Ketamine and the Neuroscience of Dissociation

Dissociation is a common condition in more than 70% of people who have experienced trauma and shows up in borderline personality and ptsd. Ketamine is a dissociative drug that can be studied in mice and humans to understand the circuit basis of dissociation. Mice were administered with dissociative agents and were still able to detect stimulus but not care that it was happening, all while the activity of individual cells in the brain was recorded to see what was going on with the dissociation. Optogenetics was used in both animals and patients to take away and activate the same structure or group of structures which gave causality. Gain of function research in the laboratory is very important for understanding the brain.

Exploring the Potential of Psychedelics in Medicine

Psychedelic compounds like LSD and psilocybin can alter reality and the experience of reality. While their effects can be addictive and may cause lasting change, they can also be an incredible opportunity for creating new interventions. Studies are being conducted to understand how perception of reality is altered by psychedelics, with the ultimate goal of creating treatments that don't have the risks and problems of causing lasting change or addiction. These medications can be used in very small doses as adjunctive treatments for various kinds of therapy, but it must be done carefully and rigorously to minimize risks. The risks for these medications don't greatly outweigh the risks that we normally tolerate in other branches of medicine.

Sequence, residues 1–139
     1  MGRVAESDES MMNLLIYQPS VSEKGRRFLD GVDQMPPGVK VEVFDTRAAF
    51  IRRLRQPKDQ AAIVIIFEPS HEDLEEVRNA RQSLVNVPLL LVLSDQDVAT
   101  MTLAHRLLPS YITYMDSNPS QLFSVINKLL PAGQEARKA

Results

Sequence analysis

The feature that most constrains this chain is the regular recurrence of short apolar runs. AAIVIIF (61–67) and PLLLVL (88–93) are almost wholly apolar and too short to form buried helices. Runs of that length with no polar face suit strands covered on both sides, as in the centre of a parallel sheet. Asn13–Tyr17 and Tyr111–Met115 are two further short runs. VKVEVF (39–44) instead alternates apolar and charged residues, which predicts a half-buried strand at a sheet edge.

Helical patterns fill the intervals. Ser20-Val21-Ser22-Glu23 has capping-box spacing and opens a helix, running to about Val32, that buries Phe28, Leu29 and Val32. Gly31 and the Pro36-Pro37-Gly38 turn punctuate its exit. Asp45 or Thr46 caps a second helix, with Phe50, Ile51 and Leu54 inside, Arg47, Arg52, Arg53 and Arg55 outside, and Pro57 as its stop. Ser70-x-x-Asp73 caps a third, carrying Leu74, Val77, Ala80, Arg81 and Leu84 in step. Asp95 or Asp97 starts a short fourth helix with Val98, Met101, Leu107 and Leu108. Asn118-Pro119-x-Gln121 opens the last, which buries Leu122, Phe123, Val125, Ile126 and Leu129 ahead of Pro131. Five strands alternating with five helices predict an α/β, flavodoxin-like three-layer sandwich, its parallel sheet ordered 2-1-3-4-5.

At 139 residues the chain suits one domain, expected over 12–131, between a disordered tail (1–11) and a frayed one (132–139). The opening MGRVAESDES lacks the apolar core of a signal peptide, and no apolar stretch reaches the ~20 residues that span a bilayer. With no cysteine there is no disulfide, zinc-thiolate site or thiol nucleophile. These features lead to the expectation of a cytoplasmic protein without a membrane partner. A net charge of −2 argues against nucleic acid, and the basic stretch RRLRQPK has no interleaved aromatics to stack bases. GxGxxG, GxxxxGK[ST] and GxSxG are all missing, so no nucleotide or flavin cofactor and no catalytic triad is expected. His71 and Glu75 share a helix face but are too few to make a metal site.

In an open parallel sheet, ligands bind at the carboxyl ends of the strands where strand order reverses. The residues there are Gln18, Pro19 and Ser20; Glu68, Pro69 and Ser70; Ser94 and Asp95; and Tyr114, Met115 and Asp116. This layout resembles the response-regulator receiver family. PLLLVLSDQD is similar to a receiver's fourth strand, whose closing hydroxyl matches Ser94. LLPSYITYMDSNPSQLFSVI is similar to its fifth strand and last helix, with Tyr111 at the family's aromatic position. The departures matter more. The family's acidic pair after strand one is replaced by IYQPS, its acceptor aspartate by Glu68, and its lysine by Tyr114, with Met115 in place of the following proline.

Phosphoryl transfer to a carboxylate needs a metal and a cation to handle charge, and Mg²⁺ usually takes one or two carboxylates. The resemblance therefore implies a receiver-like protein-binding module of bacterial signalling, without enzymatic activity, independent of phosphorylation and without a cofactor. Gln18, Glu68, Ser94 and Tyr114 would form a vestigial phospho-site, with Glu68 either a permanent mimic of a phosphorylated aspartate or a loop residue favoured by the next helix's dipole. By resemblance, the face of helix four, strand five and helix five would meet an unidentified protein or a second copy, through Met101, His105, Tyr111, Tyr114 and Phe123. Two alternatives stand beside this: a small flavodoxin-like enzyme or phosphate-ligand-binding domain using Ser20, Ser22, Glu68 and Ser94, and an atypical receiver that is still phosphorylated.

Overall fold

The effects of psychedelics on the brain and their potential benefits for mental health.

Psychedelics may increase the brain's willingness to accept unlikely ways of constructing the world and explore more paths into the future. The agents may also help in treating depression by increasing the flow of forward progression through circuitry and allowing the brain to see the value of their own actions. Mdma ecstasy is different from serotonergic compounds like LSD and psilocybin as it leads to big increases in brain levels of dopamine and serotonin simultaneously. The brain learns from the experiences of taking psychedelics and people can report seeing what is possible and connecting with more people in a helpful way even after the drug wears off.

The Importance of Connection and Learning in Psychoanalysis

The learning that happens in a state of intimate connection and empathy between patient and therapist is the hallmark feature of really good psychoanalysis. All good psychiatrists try to achieve that level of connection and learning to help patients create a stable model that can help instruct future behavior. Dr. Karl Deisseroth's book 'Projections' tries to jointly satisfy the goals of staying rigorously close to science while letting people see the hope and long way we have come in understanding neurobiology and psychiatry. He is optimistic about the trajectory and path of progress in science and hopes that it came through in his book. He is active on Twitter where he mainly exchanges information about happenings in the field.